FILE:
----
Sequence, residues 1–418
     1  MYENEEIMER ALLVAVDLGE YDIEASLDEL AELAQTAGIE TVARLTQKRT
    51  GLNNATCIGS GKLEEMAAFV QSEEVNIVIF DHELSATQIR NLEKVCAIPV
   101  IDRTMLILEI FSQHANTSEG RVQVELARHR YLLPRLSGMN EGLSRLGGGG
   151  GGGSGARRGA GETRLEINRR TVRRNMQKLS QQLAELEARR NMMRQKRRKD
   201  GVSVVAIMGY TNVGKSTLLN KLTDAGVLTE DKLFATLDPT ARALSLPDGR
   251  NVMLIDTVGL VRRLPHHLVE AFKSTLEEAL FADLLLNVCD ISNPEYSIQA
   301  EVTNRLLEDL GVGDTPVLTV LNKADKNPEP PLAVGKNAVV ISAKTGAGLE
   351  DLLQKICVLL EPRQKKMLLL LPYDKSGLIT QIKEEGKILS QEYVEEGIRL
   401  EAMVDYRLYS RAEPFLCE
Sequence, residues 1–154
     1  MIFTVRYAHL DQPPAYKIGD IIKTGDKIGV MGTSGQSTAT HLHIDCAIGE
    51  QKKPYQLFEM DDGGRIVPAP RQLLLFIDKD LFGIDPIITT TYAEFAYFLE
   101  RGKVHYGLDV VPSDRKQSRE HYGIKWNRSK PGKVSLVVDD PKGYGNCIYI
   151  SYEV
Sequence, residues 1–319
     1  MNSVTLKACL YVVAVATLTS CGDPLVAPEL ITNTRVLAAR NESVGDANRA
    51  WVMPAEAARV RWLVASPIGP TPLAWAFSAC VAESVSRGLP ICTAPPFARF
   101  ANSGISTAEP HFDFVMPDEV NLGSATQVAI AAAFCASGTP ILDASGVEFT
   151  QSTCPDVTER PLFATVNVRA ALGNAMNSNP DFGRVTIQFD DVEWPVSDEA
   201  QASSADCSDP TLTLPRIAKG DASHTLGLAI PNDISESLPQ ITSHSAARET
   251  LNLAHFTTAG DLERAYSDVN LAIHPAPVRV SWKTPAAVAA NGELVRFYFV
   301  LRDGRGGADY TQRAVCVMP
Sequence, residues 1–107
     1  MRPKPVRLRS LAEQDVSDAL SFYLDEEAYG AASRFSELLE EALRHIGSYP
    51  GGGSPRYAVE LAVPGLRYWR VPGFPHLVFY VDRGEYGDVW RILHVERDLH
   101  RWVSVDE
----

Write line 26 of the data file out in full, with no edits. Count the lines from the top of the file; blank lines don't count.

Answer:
    51  GGGSPRYAVE LAVPGLRYWR VPGFPHLVFY VDRGEYGDVW RILHVERDLH